GUIZERIX: Feds, keep paying attention to the South Delta
Published 4:00 am Wednesday, April 5, 2023
The news of President Joe Biden’s visit to Rolling Fork surprised the community last week.
It was wonderful that the Commander-In-Chief and First Lady decided to fly down and survey the little town of “Rolling Stone,” but truthfully, I wondered what took the federal government so long to pay attention. The South Delta has been in turmoil each spring for more than 100 years as seasonal floods overtake their land.
For decades within that time, they’ve been dealing with increased flooding exacerbated by the federal government’s lack of action and failure to keep its promises.
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There are a couple of points to make clear before delving into this issue.
First, the devastation from the March 24 tornado and the devastation from floods in the South Delta (which covers much more land than Rolling Fork) are two separate beasts. Second, the federal government can and should offer every available resource to those in Rolling Fork and elsewhere impacted by the March 24 tornado.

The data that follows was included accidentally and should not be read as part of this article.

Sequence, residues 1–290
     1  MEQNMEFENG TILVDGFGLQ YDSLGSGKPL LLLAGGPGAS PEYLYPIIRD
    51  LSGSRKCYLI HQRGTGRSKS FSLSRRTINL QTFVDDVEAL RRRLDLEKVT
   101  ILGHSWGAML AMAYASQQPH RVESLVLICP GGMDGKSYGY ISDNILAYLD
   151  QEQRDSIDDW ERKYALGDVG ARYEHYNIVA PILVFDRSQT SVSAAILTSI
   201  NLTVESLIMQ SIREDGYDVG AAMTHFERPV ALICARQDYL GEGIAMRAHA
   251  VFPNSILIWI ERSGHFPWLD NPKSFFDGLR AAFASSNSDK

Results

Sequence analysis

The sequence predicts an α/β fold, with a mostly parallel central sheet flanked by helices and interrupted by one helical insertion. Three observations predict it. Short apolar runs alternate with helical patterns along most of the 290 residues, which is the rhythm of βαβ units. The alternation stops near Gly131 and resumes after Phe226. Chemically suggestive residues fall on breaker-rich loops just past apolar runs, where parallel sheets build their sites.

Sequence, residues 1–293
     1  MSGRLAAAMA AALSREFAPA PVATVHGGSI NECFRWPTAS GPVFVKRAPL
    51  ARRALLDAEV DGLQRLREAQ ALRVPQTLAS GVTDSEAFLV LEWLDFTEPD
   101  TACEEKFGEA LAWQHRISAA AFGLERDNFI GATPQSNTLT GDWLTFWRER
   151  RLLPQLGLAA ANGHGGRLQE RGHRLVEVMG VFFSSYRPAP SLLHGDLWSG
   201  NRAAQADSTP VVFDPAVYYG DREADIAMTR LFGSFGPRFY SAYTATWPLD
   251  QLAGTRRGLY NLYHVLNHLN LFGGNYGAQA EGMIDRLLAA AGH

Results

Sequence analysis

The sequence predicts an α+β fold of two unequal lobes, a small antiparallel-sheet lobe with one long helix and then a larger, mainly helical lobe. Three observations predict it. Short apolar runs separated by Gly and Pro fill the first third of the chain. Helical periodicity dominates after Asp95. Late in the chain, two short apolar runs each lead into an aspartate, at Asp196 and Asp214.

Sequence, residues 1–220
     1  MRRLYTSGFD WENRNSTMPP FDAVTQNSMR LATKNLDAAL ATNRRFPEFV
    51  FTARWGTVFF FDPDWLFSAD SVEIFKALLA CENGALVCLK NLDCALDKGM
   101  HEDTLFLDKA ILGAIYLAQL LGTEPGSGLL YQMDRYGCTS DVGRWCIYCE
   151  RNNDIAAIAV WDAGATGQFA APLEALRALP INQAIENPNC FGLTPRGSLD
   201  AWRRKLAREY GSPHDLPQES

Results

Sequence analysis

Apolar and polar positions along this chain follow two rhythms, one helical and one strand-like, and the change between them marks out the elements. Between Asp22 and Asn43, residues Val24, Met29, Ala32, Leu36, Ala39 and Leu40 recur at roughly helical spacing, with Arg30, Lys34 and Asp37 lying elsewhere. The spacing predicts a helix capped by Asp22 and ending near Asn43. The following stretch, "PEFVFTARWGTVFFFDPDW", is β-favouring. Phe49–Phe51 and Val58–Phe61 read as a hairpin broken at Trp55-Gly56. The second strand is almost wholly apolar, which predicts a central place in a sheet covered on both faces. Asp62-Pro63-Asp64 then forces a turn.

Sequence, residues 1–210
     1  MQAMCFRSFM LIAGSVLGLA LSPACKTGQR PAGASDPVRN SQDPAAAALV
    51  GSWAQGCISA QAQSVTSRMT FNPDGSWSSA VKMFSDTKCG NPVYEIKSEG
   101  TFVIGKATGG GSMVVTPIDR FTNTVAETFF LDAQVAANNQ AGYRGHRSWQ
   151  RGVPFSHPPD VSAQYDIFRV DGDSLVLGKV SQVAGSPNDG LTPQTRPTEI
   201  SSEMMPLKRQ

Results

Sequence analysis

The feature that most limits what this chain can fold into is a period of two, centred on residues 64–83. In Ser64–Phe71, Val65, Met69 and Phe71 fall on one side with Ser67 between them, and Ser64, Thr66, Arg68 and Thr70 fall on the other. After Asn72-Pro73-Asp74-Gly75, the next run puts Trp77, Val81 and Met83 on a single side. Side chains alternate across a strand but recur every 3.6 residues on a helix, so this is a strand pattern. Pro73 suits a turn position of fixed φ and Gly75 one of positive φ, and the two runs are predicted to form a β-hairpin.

Taking both of those points into consideration, the overwhelming questions I had were, What took so long? Why did it take a tornado to get those in power to pay adequate attention to this part of the country?
As we mark the halfway point on the EPA and Army’s “aggressive” schedule to find a flood mitigation solution for the South Delta after years of vetos and failures, it’s my hope that the feds will keep their eye turned to Rolling Fork and the larger South Delta community.
Biden was correct in saying the tornado damage was “tough stuff.”
But there are far greater problems in the area — they were there for years and, I fear, will be there long after the town is rebuilt. Flooding, the economic crippling of its residents due to insufficient infrastructure and an ever-diminishing tax base, just to name a few, will not go away once the town recovers from the tornado.
As it is wont to do every spring, the water is rising.
The federal government is doing good to offer assistance to such a great extent for those impacted by the tornado. But if the feds really want to make a difference in the lives of Rolling Fork and South Delta residents, they’d be wise to keep paying attention.